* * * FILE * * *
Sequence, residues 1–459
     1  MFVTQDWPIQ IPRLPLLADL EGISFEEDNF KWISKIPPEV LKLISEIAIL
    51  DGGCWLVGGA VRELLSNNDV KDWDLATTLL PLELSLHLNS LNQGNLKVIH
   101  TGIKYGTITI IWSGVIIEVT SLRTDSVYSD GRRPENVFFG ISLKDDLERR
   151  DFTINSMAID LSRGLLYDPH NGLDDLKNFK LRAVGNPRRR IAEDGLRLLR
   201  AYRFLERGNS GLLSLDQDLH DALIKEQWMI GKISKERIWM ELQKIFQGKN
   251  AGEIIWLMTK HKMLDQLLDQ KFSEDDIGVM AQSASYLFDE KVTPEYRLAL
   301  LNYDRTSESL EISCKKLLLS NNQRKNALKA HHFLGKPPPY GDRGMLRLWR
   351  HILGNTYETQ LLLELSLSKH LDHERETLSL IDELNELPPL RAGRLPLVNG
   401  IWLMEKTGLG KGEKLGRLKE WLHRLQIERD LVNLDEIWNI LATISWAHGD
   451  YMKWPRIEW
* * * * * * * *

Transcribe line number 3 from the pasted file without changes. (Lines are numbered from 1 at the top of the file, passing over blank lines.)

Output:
    51  DGGCWLVGGA VRELLSNNDV KDWDLATTLL PLELSLHLNS LNQGNLKVIH